The table below gives the Roche limits expressed in metres and in primary radii. The true Roche Limit for a satellite depends on its density and rigidity.

Body Satellite Roche limit (rigid) Roche limit (fluid)
Distance (km) R Distance (km) R
Earth Moon 9,496 1.49 18,261 2.86
Earth average Comet 17,880 2.80 34,390 5.39
Sun Earth 554,400 0.80 1,066,300 1.53
Sun Jupiter 890,700 1.28 1,713,000 2.46
Sun Moon 655,300 0.94 1,260,300 1.81
Sun average Comet 1,234,000 1.78 2,374,000 3.42

If the primary is less than half as dense as the satellite, the rigid-body Roche Limit is less than the primary's radius, and the two bodies may collide before the Roche limit is reached.

How close are the solar system's moons to their Roche limits? The table below gives each inner satellite's orbital radius divided by its own Roche radius. Both rigid and fluid body calculations are given. Note Naiad in particular, which may in fact be quite close to its actual break-up point.

In practice, the densities of most of the inner satellites of giant planets are not known. In these cases (shown in italics), likely values have been assumed, but their actual Roche limit can vary from the value shown.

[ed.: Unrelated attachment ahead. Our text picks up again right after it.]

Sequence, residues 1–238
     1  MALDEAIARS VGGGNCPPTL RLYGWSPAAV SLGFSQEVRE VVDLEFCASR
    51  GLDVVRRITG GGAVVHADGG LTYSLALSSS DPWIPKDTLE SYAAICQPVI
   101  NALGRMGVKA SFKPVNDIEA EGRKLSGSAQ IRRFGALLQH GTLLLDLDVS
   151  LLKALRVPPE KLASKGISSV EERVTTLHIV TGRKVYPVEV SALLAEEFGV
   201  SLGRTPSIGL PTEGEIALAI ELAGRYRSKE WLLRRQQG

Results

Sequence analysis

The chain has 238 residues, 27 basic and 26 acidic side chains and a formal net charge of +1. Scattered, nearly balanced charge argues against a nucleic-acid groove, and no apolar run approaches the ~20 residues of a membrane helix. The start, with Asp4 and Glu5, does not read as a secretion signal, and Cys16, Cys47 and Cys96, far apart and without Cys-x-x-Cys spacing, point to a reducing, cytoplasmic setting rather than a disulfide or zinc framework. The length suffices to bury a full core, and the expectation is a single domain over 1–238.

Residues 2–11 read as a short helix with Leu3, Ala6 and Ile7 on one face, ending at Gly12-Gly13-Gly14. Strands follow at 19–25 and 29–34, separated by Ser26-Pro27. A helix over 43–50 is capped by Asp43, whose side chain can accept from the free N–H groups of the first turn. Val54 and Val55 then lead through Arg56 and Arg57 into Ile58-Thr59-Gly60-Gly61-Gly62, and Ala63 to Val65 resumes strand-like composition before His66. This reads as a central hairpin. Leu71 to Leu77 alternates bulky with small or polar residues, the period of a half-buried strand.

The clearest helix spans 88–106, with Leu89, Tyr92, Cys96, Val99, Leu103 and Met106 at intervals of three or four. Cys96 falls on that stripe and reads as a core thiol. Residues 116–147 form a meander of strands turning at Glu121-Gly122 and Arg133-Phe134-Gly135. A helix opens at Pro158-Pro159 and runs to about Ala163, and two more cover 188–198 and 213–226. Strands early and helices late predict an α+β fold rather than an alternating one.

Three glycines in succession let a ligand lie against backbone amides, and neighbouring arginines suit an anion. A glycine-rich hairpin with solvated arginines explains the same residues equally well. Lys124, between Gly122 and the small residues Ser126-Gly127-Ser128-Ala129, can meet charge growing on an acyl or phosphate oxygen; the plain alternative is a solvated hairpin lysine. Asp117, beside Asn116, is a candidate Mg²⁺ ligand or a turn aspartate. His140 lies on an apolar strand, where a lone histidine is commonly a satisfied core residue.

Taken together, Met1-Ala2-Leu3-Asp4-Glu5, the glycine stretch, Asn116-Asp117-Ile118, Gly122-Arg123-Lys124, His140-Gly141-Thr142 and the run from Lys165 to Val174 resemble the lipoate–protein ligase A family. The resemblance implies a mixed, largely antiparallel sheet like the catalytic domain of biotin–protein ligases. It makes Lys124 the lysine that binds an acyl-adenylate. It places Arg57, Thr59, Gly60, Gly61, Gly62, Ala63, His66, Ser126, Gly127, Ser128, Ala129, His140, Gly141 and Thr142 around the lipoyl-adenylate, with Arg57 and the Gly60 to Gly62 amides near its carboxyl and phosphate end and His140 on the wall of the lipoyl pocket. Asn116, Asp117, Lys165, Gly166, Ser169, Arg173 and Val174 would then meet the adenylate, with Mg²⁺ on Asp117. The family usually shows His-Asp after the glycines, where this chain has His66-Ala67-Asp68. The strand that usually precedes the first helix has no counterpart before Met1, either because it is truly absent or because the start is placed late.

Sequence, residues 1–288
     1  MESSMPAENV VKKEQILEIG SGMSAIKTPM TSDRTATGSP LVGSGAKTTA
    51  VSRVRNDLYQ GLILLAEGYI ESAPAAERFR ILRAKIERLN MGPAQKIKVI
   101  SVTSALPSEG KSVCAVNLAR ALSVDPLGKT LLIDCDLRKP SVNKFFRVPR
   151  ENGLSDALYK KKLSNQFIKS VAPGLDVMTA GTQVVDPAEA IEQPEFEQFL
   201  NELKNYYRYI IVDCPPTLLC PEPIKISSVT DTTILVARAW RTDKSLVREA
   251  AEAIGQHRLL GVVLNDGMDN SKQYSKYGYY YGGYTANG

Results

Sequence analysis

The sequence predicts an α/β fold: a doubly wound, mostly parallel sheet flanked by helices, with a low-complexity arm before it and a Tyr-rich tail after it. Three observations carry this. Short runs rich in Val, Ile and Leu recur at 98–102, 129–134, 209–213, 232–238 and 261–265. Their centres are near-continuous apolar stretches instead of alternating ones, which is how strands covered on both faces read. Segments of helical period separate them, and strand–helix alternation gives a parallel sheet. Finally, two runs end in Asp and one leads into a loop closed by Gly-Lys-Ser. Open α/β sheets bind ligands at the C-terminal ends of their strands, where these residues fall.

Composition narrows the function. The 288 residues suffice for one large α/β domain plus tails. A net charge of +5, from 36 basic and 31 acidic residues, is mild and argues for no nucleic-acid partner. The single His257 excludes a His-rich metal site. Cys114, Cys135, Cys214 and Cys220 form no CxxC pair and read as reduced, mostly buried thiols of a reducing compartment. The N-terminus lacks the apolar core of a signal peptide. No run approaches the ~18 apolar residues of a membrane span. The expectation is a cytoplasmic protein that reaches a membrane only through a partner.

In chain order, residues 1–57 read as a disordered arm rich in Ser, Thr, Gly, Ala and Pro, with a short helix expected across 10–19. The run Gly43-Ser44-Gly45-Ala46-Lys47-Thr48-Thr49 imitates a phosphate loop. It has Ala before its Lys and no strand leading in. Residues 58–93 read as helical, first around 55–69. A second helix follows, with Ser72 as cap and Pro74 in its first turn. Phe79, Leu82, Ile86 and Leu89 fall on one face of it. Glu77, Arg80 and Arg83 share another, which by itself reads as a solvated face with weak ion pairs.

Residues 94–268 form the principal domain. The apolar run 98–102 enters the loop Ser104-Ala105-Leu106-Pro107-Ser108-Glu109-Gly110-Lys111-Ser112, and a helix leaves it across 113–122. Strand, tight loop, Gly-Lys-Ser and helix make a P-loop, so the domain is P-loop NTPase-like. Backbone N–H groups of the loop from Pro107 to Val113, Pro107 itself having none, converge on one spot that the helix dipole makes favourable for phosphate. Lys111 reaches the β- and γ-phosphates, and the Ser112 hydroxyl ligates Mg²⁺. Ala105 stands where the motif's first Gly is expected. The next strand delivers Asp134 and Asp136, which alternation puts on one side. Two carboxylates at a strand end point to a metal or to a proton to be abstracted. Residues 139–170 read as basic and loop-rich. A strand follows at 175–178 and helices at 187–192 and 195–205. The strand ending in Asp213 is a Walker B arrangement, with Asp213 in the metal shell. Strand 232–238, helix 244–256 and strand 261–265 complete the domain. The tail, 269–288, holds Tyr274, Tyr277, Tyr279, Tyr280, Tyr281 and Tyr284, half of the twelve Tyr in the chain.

Primary Satellite Orbital Radius vs. Roche limit
(rigid) (fluid)
Sun Mercury 104:1 54:1
Earth Moon 41:1 21:1
Mars Phobos 172% 89%
Deimos 451% 234%
Jupiter Metis ~186% ~94%
Adrastea ~188% ~95%
Amalthea 175% 88%
Thebe 254% 128%
Saturn Pan 168% 84%
Atlas 176% 88%
Prometheus 178% 89%
Pandora 178% 89%
Epimetheus 192% 95%
Janus 196% 98%
Uranus Cordelia ~154% ~79%
Ophelia ~166% ~86%
Bianca ~183% ~94%
Cressida ~191% ~98%
Desdemona ~194% ~100%
Juliet ~199% ~102%
Neptune Naiad ~139% ~72%
Thalassa ~145% ~75%
Despina ~152% ~78%
Galatea 153% 79%
Larissa ~218% ~113%
Pluto Charon 12.5:1 6.5:1

See also


  • Édouard Roche: La figure d'une masse fluide soumise à l'attraction d'un point éloigné, Acad. des sciences de Montpellier, Vol. 1 (1847-50) p. 243

External links